I spent the weekend at the medical school at Stanford University, for MedX, a conference focused on the future of patient-centered medical education. Here’s the description of the workshop I led:
What medicine can learn from humanities: Promoting intellectual and emotional engagement, increasing patient-provider connections, and improving medical student and physician wellness.
Here’s the time slot in which I led it: 11:21 AM – 12:06 PM. Apparently precision medicine depends on precision timekeeping.
Whenever the start or stop time, 45 minutes isn’t very long for workshop participants to develop a deep engagement, and yet . . . of the 30+ people in the session, all but one or two volunteered to share their reflections at least once, most more than once. And these were reflections about the BIG HARD THINGS, like intimacy (emotional and physical) and grief.
We began by discussing the difference between “humanism” and “the humanities” (a topic I’ll save for a separate blog entry). Then participants jotted down and shared their observations of Karl Hofer’s oil painting Frühe Stunde (Early Hour). Then I asked what connections they could make from what we collectively observed about this painting and medical education/the practice of medicine. This gave everyone a chance to reflect on how relationships shape medical care, on what role intimacy plays in healing, on how concepts like foreground/background or light/shadow can serve as metaphors for medicine. Then we moved on to discussing Denise Levertov’s poem Talking to Grief. It was a risk to try to cover two works in such a short session, but I wanted participants to experience how talking about something as different as a painting or a poem could be equally helpful in talking about medicine. We finished by taking time to share thoughts about what impact sessions like this could have for medical students, for practitioners, and for patients and their families.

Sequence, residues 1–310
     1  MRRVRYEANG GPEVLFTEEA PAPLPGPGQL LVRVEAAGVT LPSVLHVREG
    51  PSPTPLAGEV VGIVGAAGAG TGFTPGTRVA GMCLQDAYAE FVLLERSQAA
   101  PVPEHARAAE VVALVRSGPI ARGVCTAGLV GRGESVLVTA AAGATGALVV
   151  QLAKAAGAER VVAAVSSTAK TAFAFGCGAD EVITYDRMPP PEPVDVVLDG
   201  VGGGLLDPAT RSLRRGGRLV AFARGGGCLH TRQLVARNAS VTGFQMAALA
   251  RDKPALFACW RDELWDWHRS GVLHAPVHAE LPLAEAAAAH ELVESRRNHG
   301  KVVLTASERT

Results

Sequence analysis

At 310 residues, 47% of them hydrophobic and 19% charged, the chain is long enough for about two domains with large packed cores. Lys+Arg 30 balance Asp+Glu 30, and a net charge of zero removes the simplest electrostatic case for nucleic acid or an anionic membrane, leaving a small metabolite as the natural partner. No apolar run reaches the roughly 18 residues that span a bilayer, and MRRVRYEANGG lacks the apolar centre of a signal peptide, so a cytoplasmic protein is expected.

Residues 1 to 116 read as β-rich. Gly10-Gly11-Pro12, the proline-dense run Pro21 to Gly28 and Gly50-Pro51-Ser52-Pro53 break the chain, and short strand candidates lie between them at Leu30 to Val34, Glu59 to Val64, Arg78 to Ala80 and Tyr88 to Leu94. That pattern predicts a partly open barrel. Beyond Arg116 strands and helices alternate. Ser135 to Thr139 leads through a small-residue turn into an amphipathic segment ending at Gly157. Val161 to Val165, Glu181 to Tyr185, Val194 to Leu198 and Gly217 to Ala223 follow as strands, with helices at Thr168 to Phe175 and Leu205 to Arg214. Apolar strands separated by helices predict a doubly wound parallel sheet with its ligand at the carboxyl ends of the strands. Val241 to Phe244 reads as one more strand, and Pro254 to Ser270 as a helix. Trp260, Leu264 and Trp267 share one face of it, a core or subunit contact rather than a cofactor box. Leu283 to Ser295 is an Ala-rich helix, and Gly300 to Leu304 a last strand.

Two other highlights of the conference for me:
A plenary talk by Erik Brodt, MD about We Are Healers, an organization dedicated to encouraging Native American youth to pursue careers in health care professions. His entire presentation was a reminder of the value of respecting and celebrating different cultures, because he resisted the usual plenary talk format, instead combining story and ritual with a few slides of data points to explain his work and convey its importance.
A breakout session by Loren Pogir and Kate Nitze of the Zen Hospice Project about what support family members need when caring for a loved one who is terminally ill. There are literally millions of Americans in this situation, often with little or no support for an emotionally (and often also physically and financially) challenging time. Despite the “zen” in the title, their organization isn’t religiously based; nevertheless the spiritual importance of what they do was clear from the format as well as the content of the presentation. It was wonderful to learn and reflect with them and my fellow participants.